Before Steve Jobs stepped down as CEO of Apple on August 24, he had seen unprecedented sales for the “magical and revolutionary” iPad 2. Two days after he resigned, Apple became, briefly, the world’s most valuable company. The iPhone 4S, announced on October 4, the day before Jobs died, broke the company’s record for single-day pre-orders.
In a year filled with CEO exits, Jobs’s legacy stands out. He has been compared to other iconic leaders who have become household names: Henry Ford, Bill Gates, Walt Disney. He set the bar high for how to run a company successfully — and get recognition for it. When Jobs stepped down as CEO, he had a 97% approval rate among Apple employees. The number is impressive when compared to those of current leaders like Microsoft’s Steve Ballmer (40%) or outgoing ones like MTV’s Judy McGrath (a respectable 76%) or HP’s Leo Apotheker (25%).
What made Jobs so successful? Many say it was his strong combination of charisma, persistent attention to detail, and never being satisfied with “good enough.” Underlying those was his obsession with design, a sense of ethereal modernism, Buddhist simplicity, and a distaste for buttons. Jobs understood customers and what they wanted before they knew it themselves.
These qualities led to sleek gadgets that created a dedicated following. People camped out overnight to get their hands on Apple’s latest products. Jobs continually pushed the envelope to keep his company ahead of the rest. “If anybody’s going to make our products obsolete,” he once said, “I want it to be us.”
But for Jobs, the objective wasn’t just creating elegant new gadgets; it was creating simplified ways for people to communicate, interact, and share things with one another.
“The iMac begat a digital hub strategy with iTunes, which begat the iPod,” noted Steven Levy, in a profile on Jobs. “The music player eventually served as a launchpad for the iPhone, which in turn evolved into the first massively successful tablet, the iPad. And the iPad’s innovations are now inspiring Apple’s computers.”
But it was his charisma that gave Jobs cultural resonance. He connected with consumers on a personal level and showed them the world as he saw it. “Tech visionaries and engineers generally don’t make great orators, let alone presenters,” wrote Melissa J. Perenson. “Steve Jobs shattered that mold, with a dynamic presence and charisma that could resonate in an intimate auditorium, or enthrall thousands in the multisection hall at the Worldwide Developers Conference.”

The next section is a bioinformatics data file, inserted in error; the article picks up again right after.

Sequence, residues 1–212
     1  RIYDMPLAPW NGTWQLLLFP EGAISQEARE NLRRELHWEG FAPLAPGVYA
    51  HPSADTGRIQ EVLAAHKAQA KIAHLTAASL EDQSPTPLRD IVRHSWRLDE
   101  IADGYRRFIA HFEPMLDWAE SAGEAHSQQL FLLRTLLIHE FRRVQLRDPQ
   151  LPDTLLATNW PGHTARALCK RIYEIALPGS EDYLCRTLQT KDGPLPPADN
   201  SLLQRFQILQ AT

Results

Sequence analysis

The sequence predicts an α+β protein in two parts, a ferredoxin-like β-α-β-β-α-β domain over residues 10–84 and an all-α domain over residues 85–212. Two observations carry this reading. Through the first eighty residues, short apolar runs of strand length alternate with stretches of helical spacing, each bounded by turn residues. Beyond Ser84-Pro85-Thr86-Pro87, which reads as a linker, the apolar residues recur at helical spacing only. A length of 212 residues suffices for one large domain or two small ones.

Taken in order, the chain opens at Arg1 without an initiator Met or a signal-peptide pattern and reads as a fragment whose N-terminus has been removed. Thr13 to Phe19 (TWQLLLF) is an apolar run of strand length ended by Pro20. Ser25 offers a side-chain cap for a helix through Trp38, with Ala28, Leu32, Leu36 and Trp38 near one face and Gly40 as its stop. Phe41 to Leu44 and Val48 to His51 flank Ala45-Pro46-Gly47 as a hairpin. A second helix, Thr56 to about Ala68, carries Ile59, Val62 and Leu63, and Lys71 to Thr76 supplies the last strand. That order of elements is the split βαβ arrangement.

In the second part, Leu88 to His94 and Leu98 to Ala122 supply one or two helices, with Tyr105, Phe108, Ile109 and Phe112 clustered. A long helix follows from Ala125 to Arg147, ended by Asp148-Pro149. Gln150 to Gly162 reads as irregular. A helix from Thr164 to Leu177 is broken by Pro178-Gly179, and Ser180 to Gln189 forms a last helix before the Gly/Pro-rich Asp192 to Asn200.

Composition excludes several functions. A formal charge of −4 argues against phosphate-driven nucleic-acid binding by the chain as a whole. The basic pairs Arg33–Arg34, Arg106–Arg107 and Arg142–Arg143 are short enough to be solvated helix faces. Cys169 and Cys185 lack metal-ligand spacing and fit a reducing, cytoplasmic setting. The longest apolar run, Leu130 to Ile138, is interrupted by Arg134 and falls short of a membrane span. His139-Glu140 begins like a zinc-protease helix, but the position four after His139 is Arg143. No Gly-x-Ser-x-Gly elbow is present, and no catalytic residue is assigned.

When Jobs died, Apple Stores around the world became memorials, as millions of customers posted sticky notes with their messages of remembrance on store windows. Tribute videos poured into YouTube; Twitter could barely handle the number of tweets. Many thanked Jobs for his innovations, saying these had changed their lives. Others shared memories of their first Apple product. Searches on Yahoo! probed into his personal life, as people tried to get a sense of his legacy by watching his 2005 Stanford University commencement speech, researching his background, and asking about the family he left behind.
Although Jobs was known for keeping his personal life private, he had authorized a biography. “I wanted my kids to know me,” Jobs said in an interview with his biographer, Walter Isaacson. “I wasn’t always there for them, and I wanted them to know why and to understand what I did.”
The book, which became a bestseller nine months before it was released, came out the same month as his death.
His final words, which his sister shared with the world, captured the wonder of how he lived and what he shared: “Oh wow. Oh wow. Oh wow.”
Torrey AndersonSchoepe is a news and social media editor for Yahoo! News. She also follows business, economic, and financial news and has written a variety of stories for Yahoo! News, including an in-depth profile on the last man out of the South Tower of the World Trade Center for the 10th anniversary of 9/11. Follow her on Twitter @torrey_ynews and subscribe to her on Facebook.